As she implies in her newest memoir, Nora McInerny doesn’t pay loads of attention to positive reviews of her work.
Nora, if you’re reading this, the appraisal is sunny. You’re free to move on to the next review. I adore you!
Released on Wednesday, “No Happy Endings: A Memoir” is in many ways a follow up to McInerny’s first book, “It’s Okay to Laugh: (Crying is Cool Too),” which was released in 2016.
As it goes with memoirs, the new book picks up where we left off in McInerny’s timeline. As it goes with life, the past finds its way back in, too.
McInerny knows loss. In her first book, she chronicles the death of her husband, her father and unborn child.
The second collection touches on these aches (too small a word!), too; grief doesn’t end when you send the first memoir to print.
But there’s also new stuff: another marriage, a baby, tattoos and stepkids — Sophie, if you’re reading this, I adore you too.
It’s the details here that are so sweet. Nora's now-husband Matthew flipping chicken nuggets on both sides so they're perfectly crisp, a hot tub in a middle of a hotel room and the importance of being 4 3/4.
There’s no definitive closure to the essays in “No Happy Endings.” You can read the book in a night or meditate on each chapter for a while. As the title suggests, it’s not a “look! everything turned out fine!” book.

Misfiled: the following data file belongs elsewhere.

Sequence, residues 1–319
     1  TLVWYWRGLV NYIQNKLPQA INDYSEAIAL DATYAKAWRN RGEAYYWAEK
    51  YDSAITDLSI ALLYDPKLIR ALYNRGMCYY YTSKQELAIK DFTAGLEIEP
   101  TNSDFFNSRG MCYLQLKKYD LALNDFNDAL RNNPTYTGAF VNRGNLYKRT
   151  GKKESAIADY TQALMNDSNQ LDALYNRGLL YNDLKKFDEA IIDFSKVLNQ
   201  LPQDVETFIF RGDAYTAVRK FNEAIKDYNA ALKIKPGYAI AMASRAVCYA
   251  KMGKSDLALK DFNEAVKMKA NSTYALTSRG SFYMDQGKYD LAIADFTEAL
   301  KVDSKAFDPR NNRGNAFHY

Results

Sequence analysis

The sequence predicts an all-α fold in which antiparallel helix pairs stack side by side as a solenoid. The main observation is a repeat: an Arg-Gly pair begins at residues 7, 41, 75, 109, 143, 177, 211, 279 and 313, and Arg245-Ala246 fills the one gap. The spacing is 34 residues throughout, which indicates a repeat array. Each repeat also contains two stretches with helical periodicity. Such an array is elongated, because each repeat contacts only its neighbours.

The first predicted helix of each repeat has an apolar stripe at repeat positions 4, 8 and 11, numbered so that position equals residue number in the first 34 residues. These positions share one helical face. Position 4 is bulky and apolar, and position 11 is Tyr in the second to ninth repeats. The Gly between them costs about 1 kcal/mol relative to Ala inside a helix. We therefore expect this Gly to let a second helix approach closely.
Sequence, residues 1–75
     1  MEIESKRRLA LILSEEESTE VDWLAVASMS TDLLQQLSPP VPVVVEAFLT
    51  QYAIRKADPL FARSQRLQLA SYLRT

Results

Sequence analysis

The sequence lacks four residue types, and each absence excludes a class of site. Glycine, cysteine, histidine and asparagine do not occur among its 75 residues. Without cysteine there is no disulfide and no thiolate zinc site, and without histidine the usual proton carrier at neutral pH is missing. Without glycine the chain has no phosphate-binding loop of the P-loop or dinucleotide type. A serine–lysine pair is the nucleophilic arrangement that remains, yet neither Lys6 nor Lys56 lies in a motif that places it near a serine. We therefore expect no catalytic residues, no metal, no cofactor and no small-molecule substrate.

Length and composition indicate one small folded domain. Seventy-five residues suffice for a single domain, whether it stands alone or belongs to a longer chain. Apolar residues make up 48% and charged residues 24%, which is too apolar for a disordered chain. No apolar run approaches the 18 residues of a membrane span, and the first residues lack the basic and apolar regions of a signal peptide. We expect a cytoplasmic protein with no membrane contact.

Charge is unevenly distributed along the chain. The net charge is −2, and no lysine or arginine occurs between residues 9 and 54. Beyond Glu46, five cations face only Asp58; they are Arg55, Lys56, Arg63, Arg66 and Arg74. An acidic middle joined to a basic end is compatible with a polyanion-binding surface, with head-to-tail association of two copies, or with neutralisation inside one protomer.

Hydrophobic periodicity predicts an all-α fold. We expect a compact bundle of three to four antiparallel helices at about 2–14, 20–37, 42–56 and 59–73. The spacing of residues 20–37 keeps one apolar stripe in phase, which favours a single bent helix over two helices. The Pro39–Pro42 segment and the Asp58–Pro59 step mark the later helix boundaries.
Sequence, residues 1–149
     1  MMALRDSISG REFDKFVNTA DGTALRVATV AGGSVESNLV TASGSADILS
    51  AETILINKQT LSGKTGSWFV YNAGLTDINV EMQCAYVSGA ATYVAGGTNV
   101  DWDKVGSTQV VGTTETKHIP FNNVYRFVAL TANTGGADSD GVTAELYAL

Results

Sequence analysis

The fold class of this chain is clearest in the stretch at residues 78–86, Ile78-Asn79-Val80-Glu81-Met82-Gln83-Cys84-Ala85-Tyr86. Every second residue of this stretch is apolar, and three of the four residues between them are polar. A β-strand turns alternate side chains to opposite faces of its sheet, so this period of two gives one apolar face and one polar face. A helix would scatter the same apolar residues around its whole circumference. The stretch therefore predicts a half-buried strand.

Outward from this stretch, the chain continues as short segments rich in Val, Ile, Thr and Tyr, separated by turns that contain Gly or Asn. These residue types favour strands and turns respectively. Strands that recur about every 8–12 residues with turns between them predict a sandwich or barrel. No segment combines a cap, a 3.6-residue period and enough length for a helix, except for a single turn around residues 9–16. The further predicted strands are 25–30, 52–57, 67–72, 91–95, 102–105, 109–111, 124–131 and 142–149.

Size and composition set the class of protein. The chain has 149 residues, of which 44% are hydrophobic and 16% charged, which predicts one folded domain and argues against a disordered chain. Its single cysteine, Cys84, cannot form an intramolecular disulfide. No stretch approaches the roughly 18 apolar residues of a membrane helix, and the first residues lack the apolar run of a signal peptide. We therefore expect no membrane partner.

But the "endings" aren’t particularly sad, either.
McInerny invites the reader into her stories in a seemingly healthy way. She's processing still and lets you know this.
There are lessons to be gleaned, but everyone’s story of pain unfolds differently. McInerny shares her own to let you know that this is OK. Maybe you can’t write the way she can, but you can have the thoughts you’re scared to have.
It’s about empathy, the fact that grief is a byproduct of love and being OK in your own head.
And you will cry! Who’s to say how much, but you will cry. Hot burning tears and giggly tears and the kind of tears where when you think about them afterwards and feel a little jab in your heart.
It’s hard to really “review” this book; it feels so true to its author’s heart. Maybe it’s because I don’t write enough book reviews, or because I live in the same community as McInerny and think she’s really cool (if you didn’t stop reading — hi again!).
But how are we to judge someone’s pain and growth and sadness, happiness and everything that comes along with these heavy emotions?
We just have to thank McInerny for sharing. It’s weird to peek deep into someone’s life and then close the book and move on with your own.
But maybe you need it right now.
We probably all will at some point.